Why have a blood test?
Have you ever had a blood test yourself?
You will certainly have had one before a general anaesthetic, and perhaps when you’ve been feeling poorly, but your GP didn’t know why.
The NHS can’t afford to run a yearly blood test for every human in the UK, but if they could, then think of all the cancers, kidney disease, liver problems, thyroid problems, infections, heart conditions and diabetes that would be picked-up EARLY, letting those individuals live a longer, healthier and happier life.
Well that’s why with our new Health Plan, you can give your pet that advantage. Not only a yearly blood test (and a urine test), but also unlimited consultations with the vet.
How do we do a blood test?
We clip a small patch of fur, on the leg or neck, and use a tiny needle (just like the needle we use for routine vaccinations) to take a few millilitres of blood.
We put the blood into special tubes, and then either run it in our practice laboratory (so we get results very quickly), or we send away to an external laboratory if we need more specialised and unusual tests to be run.
What do we test for on a Routine Blood Screen?
We look at the number and size of Red Blood Cells (RBCs). This tells us about anaemia and if there might be any internal bleeding.
Numbers of White Blood Cells (WBCs) tells us about infection; high numbers can indicate certain infections, and low numbers can suggest other types of infection. Raised levels of different types of infections can tell us about the presence of different types of infection.
Platelets are special cells which are responsible for helping the blood to clot. A low platelet level can be very dangerous if a patient needed surgery, as they might not be able to stop bleeding.
Liver enzymes and Kidney values are checked as part of a routine screen, and if found to be high, then we need to look at some other blood tests, to try and work out why they are raised.
Having an anaesthetic, or being given certain medications, can be very dangerous if your pet has raised liver or kidney enzymes. That’s why we recommend a blood test before a general anaesthetic, and that’s why humans have a blood test before a general anaesthetic.
If your pet is found to have raised liver or kidney levels, then there are many effective treatments, done of which are as straightforward as feeding a different food. Catching liver and kidney conditions early means that we can help your pet live longer.
Glucose levels can indicate diabetes, and if we suspect this, then we need to do further tests to confirm the diagnosis.
Calcium levels can indicate presence of cancer. If we detect this, we can do further blood tests, and other tests, to diagnose it. Cancer treatment if started early, can be very effective, and is not the same has human cancer treatment; your pet will not lose their fur.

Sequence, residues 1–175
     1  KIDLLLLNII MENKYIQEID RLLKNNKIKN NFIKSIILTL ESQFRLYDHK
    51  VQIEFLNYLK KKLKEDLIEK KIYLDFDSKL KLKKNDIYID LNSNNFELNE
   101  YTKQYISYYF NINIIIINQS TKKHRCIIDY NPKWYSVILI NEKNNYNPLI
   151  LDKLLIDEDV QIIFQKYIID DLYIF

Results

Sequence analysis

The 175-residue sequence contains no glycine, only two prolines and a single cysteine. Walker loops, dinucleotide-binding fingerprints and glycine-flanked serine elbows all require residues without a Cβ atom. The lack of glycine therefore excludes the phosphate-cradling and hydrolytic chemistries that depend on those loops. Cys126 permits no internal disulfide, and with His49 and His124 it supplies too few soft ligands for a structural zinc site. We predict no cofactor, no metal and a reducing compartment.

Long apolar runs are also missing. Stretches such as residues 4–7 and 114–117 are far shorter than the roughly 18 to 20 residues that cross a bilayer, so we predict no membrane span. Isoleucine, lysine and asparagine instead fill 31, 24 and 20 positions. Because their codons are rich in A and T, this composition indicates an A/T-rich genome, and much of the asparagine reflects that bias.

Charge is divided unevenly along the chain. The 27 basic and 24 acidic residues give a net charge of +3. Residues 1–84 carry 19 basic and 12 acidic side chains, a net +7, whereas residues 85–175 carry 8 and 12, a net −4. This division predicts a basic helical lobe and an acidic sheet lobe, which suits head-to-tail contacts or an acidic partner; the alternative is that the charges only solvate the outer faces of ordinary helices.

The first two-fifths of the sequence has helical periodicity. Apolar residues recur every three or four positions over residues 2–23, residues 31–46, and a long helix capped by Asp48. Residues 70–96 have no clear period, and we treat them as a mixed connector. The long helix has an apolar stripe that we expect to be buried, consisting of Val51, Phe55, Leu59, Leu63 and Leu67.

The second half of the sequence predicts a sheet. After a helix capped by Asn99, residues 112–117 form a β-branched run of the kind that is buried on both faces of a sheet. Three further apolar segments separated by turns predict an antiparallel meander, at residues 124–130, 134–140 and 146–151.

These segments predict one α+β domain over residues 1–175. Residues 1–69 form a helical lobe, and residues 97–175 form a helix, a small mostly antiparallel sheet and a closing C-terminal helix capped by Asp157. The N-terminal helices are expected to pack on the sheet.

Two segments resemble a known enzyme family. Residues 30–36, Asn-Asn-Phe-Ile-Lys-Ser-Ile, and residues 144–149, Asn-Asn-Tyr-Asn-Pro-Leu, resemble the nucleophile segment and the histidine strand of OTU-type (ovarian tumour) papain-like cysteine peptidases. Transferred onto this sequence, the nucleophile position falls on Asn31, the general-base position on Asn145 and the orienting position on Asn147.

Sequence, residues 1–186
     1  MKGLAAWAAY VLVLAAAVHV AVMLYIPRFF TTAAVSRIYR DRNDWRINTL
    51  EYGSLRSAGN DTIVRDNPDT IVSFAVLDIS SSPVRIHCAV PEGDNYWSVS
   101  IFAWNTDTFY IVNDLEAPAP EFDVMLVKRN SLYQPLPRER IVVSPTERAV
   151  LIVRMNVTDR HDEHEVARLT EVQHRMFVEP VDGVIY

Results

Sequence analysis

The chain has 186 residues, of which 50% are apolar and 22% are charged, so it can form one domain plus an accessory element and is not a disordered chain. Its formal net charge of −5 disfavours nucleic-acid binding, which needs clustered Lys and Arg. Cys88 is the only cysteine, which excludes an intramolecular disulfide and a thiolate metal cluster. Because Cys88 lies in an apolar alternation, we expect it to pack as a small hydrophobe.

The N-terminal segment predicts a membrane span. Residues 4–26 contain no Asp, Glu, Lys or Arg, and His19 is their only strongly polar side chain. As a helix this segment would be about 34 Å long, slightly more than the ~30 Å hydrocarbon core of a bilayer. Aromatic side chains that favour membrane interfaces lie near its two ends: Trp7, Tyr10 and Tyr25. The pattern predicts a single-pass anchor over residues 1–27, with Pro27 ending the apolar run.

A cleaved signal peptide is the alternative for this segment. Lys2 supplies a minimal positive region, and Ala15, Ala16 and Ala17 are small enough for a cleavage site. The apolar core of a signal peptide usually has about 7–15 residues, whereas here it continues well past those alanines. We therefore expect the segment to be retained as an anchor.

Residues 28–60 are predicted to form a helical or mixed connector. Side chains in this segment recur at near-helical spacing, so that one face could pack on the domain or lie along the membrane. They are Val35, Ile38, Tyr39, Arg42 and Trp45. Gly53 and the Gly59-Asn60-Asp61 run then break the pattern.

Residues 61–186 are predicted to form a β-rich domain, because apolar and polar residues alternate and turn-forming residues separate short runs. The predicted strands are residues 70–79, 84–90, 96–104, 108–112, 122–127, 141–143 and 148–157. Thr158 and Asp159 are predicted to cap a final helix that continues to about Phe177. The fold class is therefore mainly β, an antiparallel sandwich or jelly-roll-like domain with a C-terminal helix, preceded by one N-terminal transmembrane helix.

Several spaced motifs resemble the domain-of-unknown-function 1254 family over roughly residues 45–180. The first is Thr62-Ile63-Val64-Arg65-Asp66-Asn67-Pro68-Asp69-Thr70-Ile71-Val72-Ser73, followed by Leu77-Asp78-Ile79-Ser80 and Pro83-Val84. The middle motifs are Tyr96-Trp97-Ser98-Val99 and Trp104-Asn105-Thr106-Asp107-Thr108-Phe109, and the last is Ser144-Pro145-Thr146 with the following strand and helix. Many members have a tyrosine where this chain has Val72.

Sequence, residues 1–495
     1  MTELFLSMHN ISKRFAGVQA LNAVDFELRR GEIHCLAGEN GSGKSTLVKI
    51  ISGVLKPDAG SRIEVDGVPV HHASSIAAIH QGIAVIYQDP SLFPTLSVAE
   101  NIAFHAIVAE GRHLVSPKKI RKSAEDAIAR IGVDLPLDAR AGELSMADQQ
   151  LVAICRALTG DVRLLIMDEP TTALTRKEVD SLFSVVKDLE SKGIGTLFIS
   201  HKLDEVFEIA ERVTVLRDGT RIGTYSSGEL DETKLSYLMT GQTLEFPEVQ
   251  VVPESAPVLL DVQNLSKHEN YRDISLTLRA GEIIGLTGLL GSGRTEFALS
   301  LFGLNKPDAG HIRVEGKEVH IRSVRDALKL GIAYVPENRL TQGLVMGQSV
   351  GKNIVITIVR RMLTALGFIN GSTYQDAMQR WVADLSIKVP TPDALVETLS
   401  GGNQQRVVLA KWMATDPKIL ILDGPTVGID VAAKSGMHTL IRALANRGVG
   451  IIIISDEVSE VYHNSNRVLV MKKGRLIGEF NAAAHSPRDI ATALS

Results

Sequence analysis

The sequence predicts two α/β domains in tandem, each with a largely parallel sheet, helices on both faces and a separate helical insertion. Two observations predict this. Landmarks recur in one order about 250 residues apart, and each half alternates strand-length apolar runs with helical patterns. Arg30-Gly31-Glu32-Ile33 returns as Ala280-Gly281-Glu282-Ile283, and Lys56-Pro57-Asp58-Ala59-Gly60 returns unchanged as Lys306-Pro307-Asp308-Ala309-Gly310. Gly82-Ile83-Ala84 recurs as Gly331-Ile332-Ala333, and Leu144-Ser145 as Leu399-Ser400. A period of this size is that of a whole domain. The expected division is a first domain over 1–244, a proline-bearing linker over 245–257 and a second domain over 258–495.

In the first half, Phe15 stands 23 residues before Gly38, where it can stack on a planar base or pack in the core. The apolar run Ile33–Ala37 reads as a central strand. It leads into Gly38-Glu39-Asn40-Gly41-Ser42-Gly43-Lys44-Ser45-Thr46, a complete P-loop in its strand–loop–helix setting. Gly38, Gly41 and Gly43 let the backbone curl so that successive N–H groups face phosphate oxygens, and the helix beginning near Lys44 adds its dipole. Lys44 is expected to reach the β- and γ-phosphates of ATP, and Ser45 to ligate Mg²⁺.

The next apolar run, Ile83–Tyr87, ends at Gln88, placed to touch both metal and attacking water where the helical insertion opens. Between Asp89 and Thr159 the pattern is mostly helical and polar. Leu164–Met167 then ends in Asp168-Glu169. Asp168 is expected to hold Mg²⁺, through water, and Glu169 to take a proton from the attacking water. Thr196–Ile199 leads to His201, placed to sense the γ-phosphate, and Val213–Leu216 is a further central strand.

What else do we test for?
Your dog or cat may need other tests, depending on the planned procedure, or their clinical background.
A lungworm test is vital before any surgery or dental procedure. Lungworm infection is widespread, and can often have no signs. However if present, the infection stops the blood from clotting. This can be fatal.
If your dog hasn’t had monthly lungworm prevention treatment (such as Nexguard or Advocate) then they will need a lungworm test prior to surgery.
Blood Clotting Time is needed if your pet is having surgery to take any internal biopsies, this is usually done as part of the diagnosis of other conditions such as liver disease, or cancer.
Thyroid problems, either low or high levels, are very common in dogs and cats. If we diagnose and treat early, your pet can live a long and happy life. If undiagnosed, these conditions can kill.
Cardiac (heart) disease can be diagnosed with the help of blood tests. We would also recommend an ultrasound scan, and other tests such as X-ray and ECG can be useful. We have a specialist cardiologist who looks after our heart patients.
Should my pet have a blood test before a sedation or general anaesthetic?
Yes they should.
A sedation or general anaesthetic uses medicines which the body needs to process, and this processing is done by the liver and kidneys.
If the liver and kidneys aren’t working at 100%, then this makes the anaesthetic, and recovery afterwards, much more risky.
Should my pet have a blood test if he/she is ‘under the weather’ or ‘not him/herself’?
Your pet can’t speak and tell you how they are feeling. They can’t tell you if they have a headache, or feel tired.
All they can do is go off their food, or not walk as quickly around the field as they usually do, or sleep for an extra few hours.
A blood test lets us see what is going on inside their body, and work out why they don’t seem themselves.